Based on the novel by H.G. Wells, The War of the Worlds is a science fiction wargame with a streamlined and abstracted set of rules and mechanisms. It retells the story from two alternating angles, one being the top-down, strategical perspective of a high-ranking officer, the other the tactical perspective of the commanding officer of a flotilla or of an army unit the size between a regiment and a brigade.
The War of the Worlds (TWotW) was designed by Arnauld Della Siega, illustrated by Nicolas Treil in a style that invokes the setting and the theme, and released by Dan Verssen Games (DVG) in 2018. It’s a solitaire-only game and that’s an area where DVG has a good track record, especially in the wargame genre. The Leader Series, the Field and Fleet Commander Series and the Warfighter system, but also single titles such as Pavlov’s House, are popular solo games. Neither me nor my cats are wargamers (yet!), however, so the only previous experience we have with DVG (apart from their very useful Deep Dish counter trays) is the peculiar, lightweight solo game The Cards of Cthulhu that we reviewed favorably in 2019.
There are four different incarnations of TWotW representing four different theaters where the war against the Martians is fought; England, France, Japan and the US East Coast. They use the same rules for the most part, and apart from a few variations the differences mainly pertain to looks, flavor and geography. DVG sent me a review copy of The War of the Worlds: England.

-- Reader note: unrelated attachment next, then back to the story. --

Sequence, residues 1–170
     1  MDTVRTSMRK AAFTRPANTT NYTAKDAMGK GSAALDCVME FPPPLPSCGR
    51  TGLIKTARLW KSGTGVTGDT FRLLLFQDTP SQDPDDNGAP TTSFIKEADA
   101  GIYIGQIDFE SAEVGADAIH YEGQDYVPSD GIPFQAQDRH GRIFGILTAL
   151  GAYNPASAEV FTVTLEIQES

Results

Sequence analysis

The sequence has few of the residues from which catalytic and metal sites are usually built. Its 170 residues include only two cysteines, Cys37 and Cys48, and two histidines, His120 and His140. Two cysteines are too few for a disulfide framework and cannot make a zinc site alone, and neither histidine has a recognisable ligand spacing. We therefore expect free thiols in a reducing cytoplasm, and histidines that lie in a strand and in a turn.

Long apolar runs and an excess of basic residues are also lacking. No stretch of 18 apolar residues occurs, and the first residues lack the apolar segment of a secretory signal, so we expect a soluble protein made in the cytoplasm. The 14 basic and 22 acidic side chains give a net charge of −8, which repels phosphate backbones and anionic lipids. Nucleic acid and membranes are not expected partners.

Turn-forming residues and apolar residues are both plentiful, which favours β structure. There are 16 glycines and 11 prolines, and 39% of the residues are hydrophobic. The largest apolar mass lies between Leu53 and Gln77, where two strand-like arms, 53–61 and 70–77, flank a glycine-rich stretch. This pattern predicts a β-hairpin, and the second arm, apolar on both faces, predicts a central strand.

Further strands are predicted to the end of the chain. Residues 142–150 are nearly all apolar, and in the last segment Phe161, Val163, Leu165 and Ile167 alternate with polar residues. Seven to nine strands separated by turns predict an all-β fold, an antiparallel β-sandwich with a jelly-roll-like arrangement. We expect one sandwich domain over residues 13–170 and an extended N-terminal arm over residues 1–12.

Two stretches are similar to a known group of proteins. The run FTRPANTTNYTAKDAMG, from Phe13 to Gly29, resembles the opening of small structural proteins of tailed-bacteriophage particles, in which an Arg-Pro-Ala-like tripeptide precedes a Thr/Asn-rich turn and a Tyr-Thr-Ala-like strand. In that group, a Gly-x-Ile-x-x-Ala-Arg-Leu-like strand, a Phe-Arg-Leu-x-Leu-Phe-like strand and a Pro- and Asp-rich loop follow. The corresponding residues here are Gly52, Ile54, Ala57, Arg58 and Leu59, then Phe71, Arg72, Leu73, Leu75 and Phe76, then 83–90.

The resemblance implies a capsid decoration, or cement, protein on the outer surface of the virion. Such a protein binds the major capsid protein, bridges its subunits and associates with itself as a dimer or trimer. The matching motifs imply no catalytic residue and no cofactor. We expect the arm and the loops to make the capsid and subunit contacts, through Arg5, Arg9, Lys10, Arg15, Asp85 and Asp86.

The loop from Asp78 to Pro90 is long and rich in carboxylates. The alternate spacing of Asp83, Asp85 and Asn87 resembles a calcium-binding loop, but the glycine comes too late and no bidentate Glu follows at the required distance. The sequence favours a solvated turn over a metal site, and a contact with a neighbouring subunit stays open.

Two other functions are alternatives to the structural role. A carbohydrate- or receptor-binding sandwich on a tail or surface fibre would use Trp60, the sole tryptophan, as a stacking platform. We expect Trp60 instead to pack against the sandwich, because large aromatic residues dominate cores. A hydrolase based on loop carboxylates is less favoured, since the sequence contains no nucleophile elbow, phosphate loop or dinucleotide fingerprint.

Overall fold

The central component is the display board with the strategic map, a simplified turn order structure chart, and a track for recording victory points, resources and other data. For the most part, at least as far as major decisions are concerned, the display board is the center of attention.
While troop movements are tracked on the strategic map on the main board, battles are fought on either of two smaller, tactical boards – one for naval battles and one for battles on land.
There are two types of cards in the game: event cards and battle cards. The former are divided into seven different kinds, each representing one of the seven phases of a turn, and the latter are divided into two decks, one for land battle and one for naval battle. I wouldn’t call TWotW a card driven game, however – apart from the Martians behavior on the tactical boards, which mainly is controlled by the battle decks, the Martian actions are dictated by die-rolls and tables.
The event cards serve multiple purposes. They often represent events from the novel, tying gameplay to Wells’s narrative. They also add tension, variety and a measure of unpredictability. Some events are good, and some are bad.
TWotW comes with quite a few counters for a relatively small game with low complexity. A counter tray is recommended.